Europe is leading AI in manufacturing operations adoption
Over half of European manufacturers are implementing AI use cases in the sector with Germany a front runner on 69% AI adoption versus US at 28% and China at 11%.
Paris, December 12, 2019 – A new report from the Capgemini Research Institute highlights that the European market is leading in terms of implementing Artificial Intelligence (AI) in manufacturing operations. 51% of top global manufacturers in Europe are implementing at least one AI use case. The research also analyzed 22 AI use cases in operations and found that manufacturers can focus on three use cases to kickstart their AI journey: intelligent maintenance, product quality control, and demand planning.
Capgemini’s report entitled ‘Scaling AI in manufacturing operations: A practitioners’ perspective’ analyzed AI implementation among the top 75 global organizations in each of four manufacturing segments: Industrial Manufacturing, Automotive, Consumer Products and Aerospace & Defense. The study found that AI holds tremendous potential for industries in terms of reduced operating costs, improved productivity, and enhanced quality. Top global manufacturers in Germany (69%), France (47%) and the UK (33%) are the frontrunners in terms of deploying AI in manufacturing operations, according to the research.
Key points from the report include:
AI is being utilized and making a difference across the operation value chain
Leading organizations are using AI across manufacturing operations to significant benefit. Examples include food company Danone which has succeeded in reducing forecast errors by 20% and lost sales by 30% through using machine learning to predict demand variability. Meanwhile, tire manufacturer Bridgestone has introduced a new assembly system based around automated quality control, resulting in over 15% improvement in uniformity of product.
Manufacturers tend to focus on three main use cases to kickstart their AI journey
According to the report, manufacturers start their AI in operations journey with three use cases (out of 22 unique ones identified in the study) as they possess an optimum combination of several characteristics that make them an ideal starting point. These characteristics include: clear business value, relative ease of implementation, availability of data and AI skills, among others. Executives interviewed by Capgemini commented that product quality control, intelligent maintenance, and demand planning are areas where AI can be most easily implemented and deliver the best return-on-investment. For instance, General Motors piloted a system to spot signs of robotic failures before they occur. This helps GM avoid costs of unplanned outages which can be as high as $20,000 per minute of downtime. While there is consensus on which use cases are best to get started with AI in operations, the study also points out the challenge of scaling beyond the first deployments and then systematically harvest the potential of AI beyond those initial use cases.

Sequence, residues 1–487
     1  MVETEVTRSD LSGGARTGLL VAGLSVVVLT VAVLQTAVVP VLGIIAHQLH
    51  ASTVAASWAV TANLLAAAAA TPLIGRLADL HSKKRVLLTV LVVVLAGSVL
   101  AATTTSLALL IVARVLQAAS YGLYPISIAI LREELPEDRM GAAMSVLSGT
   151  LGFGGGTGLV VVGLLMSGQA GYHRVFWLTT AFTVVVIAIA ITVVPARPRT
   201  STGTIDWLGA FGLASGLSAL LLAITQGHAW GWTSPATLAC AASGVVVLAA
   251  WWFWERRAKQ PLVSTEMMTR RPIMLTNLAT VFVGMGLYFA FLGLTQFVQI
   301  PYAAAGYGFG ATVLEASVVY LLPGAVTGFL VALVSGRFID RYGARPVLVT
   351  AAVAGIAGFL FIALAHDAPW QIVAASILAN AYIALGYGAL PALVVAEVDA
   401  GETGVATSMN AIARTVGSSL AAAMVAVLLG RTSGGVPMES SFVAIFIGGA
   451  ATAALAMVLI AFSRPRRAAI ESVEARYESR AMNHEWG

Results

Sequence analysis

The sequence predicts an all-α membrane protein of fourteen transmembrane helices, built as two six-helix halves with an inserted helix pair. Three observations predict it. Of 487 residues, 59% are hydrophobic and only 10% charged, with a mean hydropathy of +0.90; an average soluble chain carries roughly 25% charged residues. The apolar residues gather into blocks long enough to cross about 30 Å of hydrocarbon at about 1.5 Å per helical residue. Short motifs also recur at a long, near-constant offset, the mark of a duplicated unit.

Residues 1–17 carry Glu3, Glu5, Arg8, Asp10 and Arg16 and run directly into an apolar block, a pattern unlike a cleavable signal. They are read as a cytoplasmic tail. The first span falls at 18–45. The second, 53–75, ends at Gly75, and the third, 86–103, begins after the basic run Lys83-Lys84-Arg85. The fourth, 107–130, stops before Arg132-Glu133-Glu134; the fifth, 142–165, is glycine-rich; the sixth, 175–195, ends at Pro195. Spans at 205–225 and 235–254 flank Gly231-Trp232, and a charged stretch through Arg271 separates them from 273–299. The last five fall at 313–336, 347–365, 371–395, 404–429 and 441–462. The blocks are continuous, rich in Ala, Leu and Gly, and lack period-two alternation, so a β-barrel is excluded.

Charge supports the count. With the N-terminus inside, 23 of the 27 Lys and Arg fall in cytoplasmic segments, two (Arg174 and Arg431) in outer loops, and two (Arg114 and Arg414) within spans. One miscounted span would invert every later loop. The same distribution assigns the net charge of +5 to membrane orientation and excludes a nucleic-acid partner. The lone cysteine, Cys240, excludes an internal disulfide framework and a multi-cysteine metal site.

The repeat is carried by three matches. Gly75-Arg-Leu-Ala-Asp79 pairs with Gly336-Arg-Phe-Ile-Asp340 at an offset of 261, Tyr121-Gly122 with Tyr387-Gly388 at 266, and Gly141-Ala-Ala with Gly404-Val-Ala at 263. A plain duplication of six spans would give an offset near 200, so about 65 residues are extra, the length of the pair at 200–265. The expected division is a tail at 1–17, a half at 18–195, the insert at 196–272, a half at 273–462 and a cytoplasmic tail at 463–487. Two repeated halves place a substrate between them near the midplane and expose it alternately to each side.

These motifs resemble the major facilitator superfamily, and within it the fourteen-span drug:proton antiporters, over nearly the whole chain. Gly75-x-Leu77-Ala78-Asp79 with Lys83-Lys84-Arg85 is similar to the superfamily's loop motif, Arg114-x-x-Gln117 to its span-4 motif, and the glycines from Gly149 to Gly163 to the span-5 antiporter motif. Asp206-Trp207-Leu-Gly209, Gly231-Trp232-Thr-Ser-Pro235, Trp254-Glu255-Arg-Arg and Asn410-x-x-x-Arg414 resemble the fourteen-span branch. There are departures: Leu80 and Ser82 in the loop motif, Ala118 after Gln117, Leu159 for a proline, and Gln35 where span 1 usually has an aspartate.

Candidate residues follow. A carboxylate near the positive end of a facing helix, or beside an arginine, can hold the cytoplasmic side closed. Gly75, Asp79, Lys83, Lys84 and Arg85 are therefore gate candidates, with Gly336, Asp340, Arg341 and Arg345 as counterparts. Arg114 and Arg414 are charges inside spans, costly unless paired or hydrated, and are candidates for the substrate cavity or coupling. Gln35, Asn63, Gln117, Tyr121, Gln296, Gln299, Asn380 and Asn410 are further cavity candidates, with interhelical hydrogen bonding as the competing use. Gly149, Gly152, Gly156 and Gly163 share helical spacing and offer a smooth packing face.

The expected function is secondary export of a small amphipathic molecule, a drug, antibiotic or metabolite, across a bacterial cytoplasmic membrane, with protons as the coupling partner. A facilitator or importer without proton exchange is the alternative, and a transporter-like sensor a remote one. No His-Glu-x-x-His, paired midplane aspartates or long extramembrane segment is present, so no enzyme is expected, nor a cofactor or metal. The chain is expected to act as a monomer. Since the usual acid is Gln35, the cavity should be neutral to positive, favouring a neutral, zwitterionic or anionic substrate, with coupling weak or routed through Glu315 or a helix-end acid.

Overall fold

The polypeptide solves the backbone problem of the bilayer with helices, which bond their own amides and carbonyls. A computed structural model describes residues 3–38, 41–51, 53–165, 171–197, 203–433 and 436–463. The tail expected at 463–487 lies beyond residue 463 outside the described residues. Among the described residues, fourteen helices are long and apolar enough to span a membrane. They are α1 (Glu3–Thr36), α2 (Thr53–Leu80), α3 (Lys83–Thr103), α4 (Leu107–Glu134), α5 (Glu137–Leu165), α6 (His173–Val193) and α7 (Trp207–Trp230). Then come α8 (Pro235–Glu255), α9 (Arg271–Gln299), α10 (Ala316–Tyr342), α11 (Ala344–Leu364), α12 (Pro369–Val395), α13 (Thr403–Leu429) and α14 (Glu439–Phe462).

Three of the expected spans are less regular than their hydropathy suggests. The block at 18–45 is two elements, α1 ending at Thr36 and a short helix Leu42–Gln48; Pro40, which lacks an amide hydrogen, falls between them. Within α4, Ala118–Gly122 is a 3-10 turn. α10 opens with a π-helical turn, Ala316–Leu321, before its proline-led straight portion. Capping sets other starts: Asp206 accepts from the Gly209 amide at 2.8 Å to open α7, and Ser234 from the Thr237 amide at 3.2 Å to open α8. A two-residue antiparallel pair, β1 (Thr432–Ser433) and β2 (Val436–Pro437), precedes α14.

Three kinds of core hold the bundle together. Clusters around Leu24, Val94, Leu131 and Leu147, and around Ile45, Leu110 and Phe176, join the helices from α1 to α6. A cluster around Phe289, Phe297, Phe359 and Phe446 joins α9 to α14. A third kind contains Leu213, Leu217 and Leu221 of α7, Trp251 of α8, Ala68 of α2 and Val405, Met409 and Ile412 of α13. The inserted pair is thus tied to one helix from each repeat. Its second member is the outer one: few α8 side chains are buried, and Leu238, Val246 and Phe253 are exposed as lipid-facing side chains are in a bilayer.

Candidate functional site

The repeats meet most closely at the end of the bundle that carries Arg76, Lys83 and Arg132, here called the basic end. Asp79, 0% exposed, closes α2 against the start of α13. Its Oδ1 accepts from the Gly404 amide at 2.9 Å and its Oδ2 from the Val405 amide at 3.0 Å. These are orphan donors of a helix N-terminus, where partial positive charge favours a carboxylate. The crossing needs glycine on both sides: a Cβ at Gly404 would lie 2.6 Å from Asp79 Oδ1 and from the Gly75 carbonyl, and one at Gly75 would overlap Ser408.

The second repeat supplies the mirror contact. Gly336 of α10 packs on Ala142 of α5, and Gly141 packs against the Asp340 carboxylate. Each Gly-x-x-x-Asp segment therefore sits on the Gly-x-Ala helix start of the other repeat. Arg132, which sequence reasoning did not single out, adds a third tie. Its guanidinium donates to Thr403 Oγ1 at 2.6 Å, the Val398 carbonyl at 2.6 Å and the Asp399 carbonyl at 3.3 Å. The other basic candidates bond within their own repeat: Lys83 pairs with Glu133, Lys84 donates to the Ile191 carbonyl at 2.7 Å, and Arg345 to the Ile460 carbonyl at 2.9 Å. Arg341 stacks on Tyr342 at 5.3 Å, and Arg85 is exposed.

“As implementation of AI in manufacturing operations matures, we will see large enterprises transitioning from pilots to broader deployment,” said Pascal Brosset, Chief Technology Officer for Digital Manufacturing at Capgemini. “Quite rightly, organizations are initially focusing their efforts on use-cases that deliver the fastest, most-tangible return on investment: notably in automated quality inspection and intelligent maintenance.
“The executives we interviewed were clear that these are functions which can deliver considerable cost savings, improve the accuracy of manufacturing and eliminate waste. However, the leaders do not solely focus on these use cases but, in parallel with their deployment, prepare for the future by reinvesting part of the savings into building a scalable data/AI infrastructure and developing the supporting skills.” He further added.
The report concludes by outlining recommendations to scale AI in manufacturing operations (see the figure below):
Capgemini conducted extensive secondary research on the AI initiatives being tested and implemented by 300 global manufacturers – the top 75 global organizations in four manufacturing segments (Automotive, Industrial Manufacturing, Consumer Products, and Aerospace & Defence) by their annual global revenue in each of the four sectors listed above.
Capgemini also interviewed over 30 senior executives from the manufacturing sector, belonging to the following industries: Industrial Manufacturing, Automotive Consumer products, and, Aerospace & defense.
These executives belonged to four distinct profiles:
- Department/function head in one or more manufacturing plant(s) e.g., maintenance, production, quality
- Plant leadership (plant manager/director)
- Director/VP Operations (corporate / multi-country responsibility)
- AI Heads/ Heads of Innovation/ Chief Digital Officers
 Toolsgroup, “Ex Machina: AI and the Future of Supply Chain Planning”, January 2016.
 Harvard Business School, “Bridgestone: Production System Innovation Through Machine Learning”, November 2018
 iFlexion, “Image Classification Everywhere in Automotive,” accessed September 2019
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About Capgemini Research Institute
The Capgemini Research Institute is Capgemini’s in-house think-tank on all things digital. The Institute publishes research on the impact of digital technologies on large traditional businesses. The team draws on the worldwide network of Capgemini experts and works closely with academic and technology partners. The Institute has dedicated research centers in India, Singapore, the United Kingdom, and the United States. It was recently ranked #1 in the world for the quality of its research by independent analysts.
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